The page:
Notre Dame Associate Professor of Law Lloyd Hitoshi Mayer is quoted extensively in the latest issue of “The Non-Profit Times,” a business publication for non-profit managers.
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Professor Jay Kleinberg from Brunel University and Professor Carter Snead from Notre Dame University, Indiana join Jenni to discuss the issues.
Dean Edmonds was quoted regarding the criminal charges facing Washington Wizard’s player Gilbert Arenas in Bill Myers, “Crittenton May Face Grand Jury This Week, Source Says,” Washington Examiner.
Today’s narrow Supreme Court decision that corporations may spend freely to support or oppose candidates for president and Congress drew reactions from two Notre Dame Law School faculty members.
Healthcare reform and nonprofits; It could be a good deal for some and not for others (Quotes: Lloyd Mayer) – The NonProfit Times – January 15, 2010
Mary Ellen O’Connell, the Robert and Marion Short Professor of Law and Research Professor of International Dispute Resolution—Kroc Institute at the University of Notre Dame, tells the “National Journal” that “there simply is no right to use military force against a terrorist suspect far from any battlefield.
Return democracy to Honduras
In a telephone interview, Notre Dame law professor Richard W. Garnett echoed Alito’s comment that the religion of qualified justices will not determine their views of pending cases, even if their experiences might shade it.
University of Notre Dame Associate Clinical Professor of Law Judy Fox was interviewed by MSN.com about “bank walkaways,” a new trend in the way banks are approaching home foreclosures.
Notre Dame Professor of Law Jay Tidmarsh, an expert in complex civil litigation and civil procedure, weighed in on a case involving Google’s exclusive right to digitize millions of books. His comments appeared in the September 9, 2009 edition of the “New York Times.”
Notre Dame Professor of Law M. Cathleen Kaveny tells the New York Times that the debate over the relationship of abortion and euthanasia to other issues of social justice is “the great tension in Catholic thought right now,” including in the debate over health care reform. Her comments appeared in a front-page story of the August 27, 2009 edition.
The Associated Press reports that, for the first time ever, the Racketeer Influenced and Corrupt Organizations (RICO) Act is being used to prosecute a human trafficking case. Notre Dame Professor of Law G. Robert Blakey helped write the RICO Act.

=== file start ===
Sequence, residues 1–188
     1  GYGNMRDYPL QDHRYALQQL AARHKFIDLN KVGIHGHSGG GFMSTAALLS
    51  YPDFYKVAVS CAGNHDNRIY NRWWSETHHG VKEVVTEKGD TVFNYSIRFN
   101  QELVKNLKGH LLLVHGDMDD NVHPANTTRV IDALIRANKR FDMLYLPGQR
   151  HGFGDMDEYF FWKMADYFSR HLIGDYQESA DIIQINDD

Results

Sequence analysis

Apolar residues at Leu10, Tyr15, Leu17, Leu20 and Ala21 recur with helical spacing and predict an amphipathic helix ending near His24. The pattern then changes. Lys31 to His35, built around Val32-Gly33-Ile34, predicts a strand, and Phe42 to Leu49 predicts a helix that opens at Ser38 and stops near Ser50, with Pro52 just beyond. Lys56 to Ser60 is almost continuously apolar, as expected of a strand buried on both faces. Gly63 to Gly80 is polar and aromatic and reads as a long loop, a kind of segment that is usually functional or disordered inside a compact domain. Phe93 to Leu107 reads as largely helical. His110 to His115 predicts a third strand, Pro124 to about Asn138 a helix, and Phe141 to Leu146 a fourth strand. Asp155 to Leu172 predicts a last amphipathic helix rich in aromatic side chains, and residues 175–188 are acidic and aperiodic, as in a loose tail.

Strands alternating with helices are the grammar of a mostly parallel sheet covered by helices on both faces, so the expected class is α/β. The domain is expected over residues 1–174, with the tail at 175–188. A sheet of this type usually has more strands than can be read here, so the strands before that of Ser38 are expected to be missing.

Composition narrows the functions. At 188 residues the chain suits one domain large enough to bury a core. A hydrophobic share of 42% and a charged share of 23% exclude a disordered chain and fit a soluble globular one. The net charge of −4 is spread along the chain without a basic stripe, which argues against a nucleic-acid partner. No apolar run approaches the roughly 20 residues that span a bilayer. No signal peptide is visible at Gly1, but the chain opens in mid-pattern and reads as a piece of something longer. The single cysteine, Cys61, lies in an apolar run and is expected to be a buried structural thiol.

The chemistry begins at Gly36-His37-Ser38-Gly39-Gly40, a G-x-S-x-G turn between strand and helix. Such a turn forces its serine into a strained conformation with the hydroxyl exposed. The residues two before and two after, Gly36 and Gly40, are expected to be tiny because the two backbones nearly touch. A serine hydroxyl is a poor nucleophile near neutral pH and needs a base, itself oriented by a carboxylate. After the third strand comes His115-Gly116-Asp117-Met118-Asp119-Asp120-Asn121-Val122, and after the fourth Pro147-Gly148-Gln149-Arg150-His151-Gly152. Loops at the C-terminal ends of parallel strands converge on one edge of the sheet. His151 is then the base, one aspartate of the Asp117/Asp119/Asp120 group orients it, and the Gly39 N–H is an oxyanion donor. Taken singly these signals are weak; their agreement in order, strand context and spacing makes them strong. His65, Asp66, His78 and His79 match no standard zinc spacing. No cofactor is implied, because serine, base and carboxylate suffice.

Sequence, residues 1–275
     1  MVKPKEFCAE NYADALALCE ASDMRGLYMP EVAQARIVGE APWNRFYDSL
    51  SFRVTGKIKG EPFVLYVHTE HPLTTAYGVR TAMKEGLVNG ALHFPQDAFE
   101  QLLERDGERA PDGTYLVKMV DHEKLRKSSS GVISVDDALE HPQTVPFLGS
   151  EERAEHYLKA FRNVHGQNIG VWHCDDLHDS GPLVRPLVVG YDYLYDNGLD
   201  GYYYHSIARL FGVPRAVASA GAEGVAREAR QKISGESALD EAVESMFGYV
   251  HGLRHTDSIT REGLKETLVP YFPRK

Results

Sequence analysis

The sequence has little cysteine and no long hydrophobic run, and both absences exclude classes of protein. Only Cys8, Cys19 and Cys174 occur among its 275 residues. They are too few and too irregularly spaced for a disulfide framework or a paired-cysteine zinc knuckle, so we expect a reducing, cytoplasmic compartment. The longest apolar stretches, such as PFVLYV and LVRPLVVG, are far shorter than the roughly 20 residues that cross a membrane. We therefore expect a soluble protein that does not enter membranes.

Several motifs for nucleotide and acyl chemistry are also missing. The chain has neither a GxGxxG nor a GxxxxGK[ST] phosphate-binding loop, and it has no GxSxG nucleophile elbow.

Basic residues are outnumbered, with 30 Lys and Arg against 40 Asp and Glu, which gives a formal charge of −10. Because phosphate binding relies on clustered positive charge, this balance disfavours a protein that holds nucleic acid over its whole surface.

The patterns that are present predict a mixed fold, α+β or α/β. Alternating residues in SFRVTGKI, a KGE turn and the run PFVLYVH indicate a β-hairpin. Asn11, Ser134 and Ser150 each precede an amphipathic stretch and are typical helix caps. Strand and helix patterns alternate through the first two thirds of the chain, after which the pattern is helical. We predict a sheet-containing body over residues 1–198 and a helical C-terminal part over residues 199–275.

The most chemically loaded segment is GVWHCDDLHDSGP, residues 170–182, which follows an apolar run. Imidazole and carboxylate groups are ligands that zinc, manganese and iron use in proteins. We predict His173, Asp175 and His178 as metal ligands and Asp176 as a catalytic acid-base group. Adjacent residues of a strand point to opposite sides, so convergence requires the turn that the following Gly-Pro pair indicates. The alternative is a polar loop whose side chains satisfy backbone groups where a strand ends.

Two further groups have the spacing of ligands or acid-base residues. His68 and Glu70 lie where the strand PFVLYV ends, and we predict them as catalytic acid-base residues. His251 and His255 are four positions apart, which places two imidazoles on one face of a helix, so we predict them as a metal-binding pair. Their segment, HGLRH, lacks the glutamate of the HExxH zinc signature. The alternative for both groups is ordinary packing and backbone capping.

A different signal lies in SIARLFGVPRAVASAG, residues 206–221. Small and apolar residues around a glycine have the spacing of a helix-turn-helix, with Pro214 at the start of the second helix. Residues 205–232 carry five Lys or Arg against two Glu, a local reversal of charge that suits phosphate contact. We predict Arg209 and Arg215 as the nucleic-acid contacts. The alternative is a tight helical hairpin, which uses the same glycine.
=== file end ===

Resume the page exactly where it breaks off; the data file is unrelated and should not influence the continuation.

On Tuesday, August 11, Notre Dame Associate Professor of Law Carter Snead joined a panel of experts to discuss President Obama’s proposed health care plan. Video clips of the show can be found on YouTube….
University of Notre Dame Professor of Law and of Theology Cathleen Kaveny told the Times, “I don’t think there is any one Catholic stance on the law. Catholicism is a big tent, so different people are drawn to different aspects of it. A Dorothy Day Catholic is going to be different than an Opus Dei Catholic.”
The “New York Times” worked with Notre Dame Associate Clinical Professor of Law Judy Fox to document a growing phenomenon in the foreclosure crisis: banks walking away from foreclosed homes and leaving the former owners liable for ongoing maintenance and other costs.
Here is a brief excerpt from an op-ed written by Notre Dame Professor of Law Richard Garnett and published by USA Today on Monday, March 30, 2009:
University of Notre Dame Professor of Law Rick Garnett was interviewed for a segment of the ABC News program “Faith Matters Now”, which aired on Saturday, Oct. 18, 2008.
“There is no one such thing as a Catholic voter,” said Cathleen Kaveny, a professor of law and theology at Notre Dame, who attended the event in South Bend and is a member of Obama’s national steering committee of Catholic advisers.
Catholics, who account for about 18 percent of the population of Indiana and a quarter of the national electorate, are much more diverse in the United States than they are often portrayed, Kaveny said. The challenge for Obama, she said, is to make Catholics more familiar with his message of economic empowerment, equality, and ending the Iraq war.
Immediately following 9-11, the United Nations developed an international legal framework to deprive Al Qaeda of funding. “Unfortunately, that sense of urgency has been diluted… it no longer exists,” Notre Dame Law Professor Jimmy Gurule told the BBC in an interview on Friday, March 7.
Associate Dean Edmonds was quoted by USA Today on the Marion Jones sentencing on January 9, 2008 ….